“This singular success in getting millions of Americans back into lives of self-sufficiency began with the lessons learned through years of experimentation at the state level,” the foundation asserts, stating that it “will use the evidence base it is developing to prepare policymakers to craft the next generation of policies that promote upward mobility.”
Tamarine Cornelius of Kids Forward, the Wisconsin-based child and family advocacy group, worries about Ryan’s approach. She calls Ryan’s assertion that the War on Poverty is at a “stalemate” misleading because it is based only on the federal poverty rate, which measures cash income.
“Other alternative ways of measuring poverty that more fully capture the effects of public assistance show a decline in poverty,’ Cornelius says. “ I hope his new effort won’t use the same wrong yardstick to measure the success of the safety net.”
Criticism from Catholic Bishops
In 2011, when Ryan was the chair of the powerful House Budget Committee, he held a town hall meeting in his district to promote his controversial Path to Prosperity budget proposal, which, among other things, called for permanently extending the Bush tax cuts for the wealthy, making $4 trillion in spending cuts mainly to programs that served people with low and moderate incomes, and converting Medicare into a voucher plan.
“Welfare reform worked well in the 1990s, but it only reformed one program,” Ryan told the crowd. “We need to reform other entitlements.”
His proposal to turn Medicare into a system of vouchers to be used on the private health-care market did not sit well with a group of retirees who showed up to picket the event.
Ryan argued that competition would bring down healthcare costs. This, along with opposing an extension of unemployment benefits in a district ravaged by auto plant closings, drew pointed attacks.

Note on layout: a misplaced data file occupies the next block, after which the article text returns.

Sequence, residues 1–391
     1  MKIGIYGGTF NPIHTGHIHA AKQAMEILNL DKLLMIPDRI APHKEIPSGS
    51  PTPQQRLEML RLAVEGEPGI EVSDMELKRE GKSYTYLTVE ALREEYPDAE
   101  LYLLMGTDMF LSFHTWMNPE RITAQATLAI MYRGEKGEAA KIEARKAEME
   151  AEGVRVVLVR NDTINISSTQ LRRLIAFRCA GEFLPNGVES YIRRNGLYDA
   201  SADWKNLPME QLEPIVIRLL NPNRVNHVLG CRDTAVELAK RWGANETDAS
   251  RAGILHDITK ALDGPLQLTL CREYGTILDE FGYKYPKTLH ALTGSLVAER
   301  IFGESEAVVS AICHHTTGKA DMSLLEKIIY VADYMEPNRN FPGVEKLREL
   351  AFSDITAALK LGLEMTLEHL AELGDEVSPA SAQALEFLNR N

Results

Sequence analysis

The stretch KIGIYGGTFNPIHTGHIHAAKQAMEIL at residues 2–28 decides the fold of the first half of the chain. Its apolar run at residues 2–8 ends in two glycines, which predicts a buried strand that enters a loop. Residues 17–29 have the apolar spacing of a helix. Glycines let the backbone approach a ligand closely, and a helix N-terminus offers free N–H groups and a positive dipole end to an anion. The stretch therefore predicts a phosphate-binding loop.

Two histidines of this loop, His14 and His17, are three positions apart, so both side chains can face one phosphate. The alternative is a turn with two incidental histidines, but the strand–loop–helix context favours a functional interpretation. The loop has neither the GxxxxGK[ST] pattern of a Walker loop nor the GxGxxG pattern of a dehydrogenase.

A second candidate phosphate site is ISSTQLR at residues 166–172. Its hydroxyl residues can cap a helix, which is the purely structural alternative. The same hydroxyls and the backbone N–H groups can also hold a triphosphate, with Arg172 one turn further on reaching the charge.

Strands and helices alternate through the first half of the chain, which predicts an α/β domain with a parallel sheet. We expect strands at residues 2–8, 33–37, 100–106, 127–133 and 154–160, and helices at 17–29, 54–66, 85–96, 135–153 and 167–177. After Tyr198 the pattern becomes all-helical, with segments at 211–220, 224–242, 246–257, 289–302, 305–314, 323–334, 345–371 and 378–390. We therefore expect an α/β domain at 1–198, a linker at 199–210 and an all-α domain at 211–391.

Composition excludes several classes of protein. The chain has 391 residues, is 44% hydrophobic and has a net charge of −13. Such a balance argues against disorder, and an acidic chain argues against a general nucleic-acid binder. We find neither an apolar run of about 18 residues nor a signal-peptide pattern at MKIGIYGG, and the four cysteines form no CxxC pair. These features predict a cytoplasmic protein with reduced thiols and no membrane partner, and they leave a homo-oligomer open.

The U.S. Conference of Catholic Bishops criticized Ryan for proposing cuts in essential services to the poor, and 90 members of the faculty at Georgetown University wrote a letter asking him to stop claiming that his positions on cutting safety-net programs were based in Catholic theology.
“We would be remiss in our duty to you and our students if we did not challenge your continuing misuse of Catholic teaching to defend a budget plan that decimates food programs for struggling families, radically weakens protections for the elderly and sick, and gives more tax breaks to the wealthiest few,” the Georgetown faculty wrote.
But among Republicans in Washington, before the dawn of the Donald Trump era, Ryan also gained a reputation as a brave and brilliant conservative thinker.
He cultivated an image as a policy wonk and embraced the most fundamental ideological fights between conservatives and progressives. As John Nichols reported in The Nation in 2010, Ryan told conservative radio host Glenn Beck: “What I’ve been trying to do is indict the entire vision of progressivism because I see progressivism as the source, the intellectual source for the big government problems that are plaguing us today,”
Progressivism, Ryan added, “attacks the American idea.”
The American Idea Foundation website clearly lays out a mission of combating the popular progressive ideology of Democratic presidential candidates Bernie Sanders and Elizabeth Warren and U.S. Rep. Alexandria Ocasio Cortez of New York.
“Too many people are not seeing the benefits of a free, vibrant, market-based system,” the website declares. “Because of this, individuals are gravitating towards extreme ideologies.”
The foundation’s stated goals are: “Increasing economic opportunities, expanding upward mobility, reducing poverty, and using evidence and data to inform policy decisions.”
But there is plenty of conservative politics mixed in.
FEC data that shows how much money Ryan moved from his campaign to the new foundation won’t be available until the end of the year. And the foundation’s 990 financial disclosure form won’t be available from the IRS until November 2020.
Meanwhile, expect to see a lot more of Paul Ryan.
“It would be prudent to leave some money in his campaign account,” Wittenwyler says. “A lot of members keep some money in their account when they retire so they can use it for travel, in case some candidate in California asks them to come to a fundraising dinner.”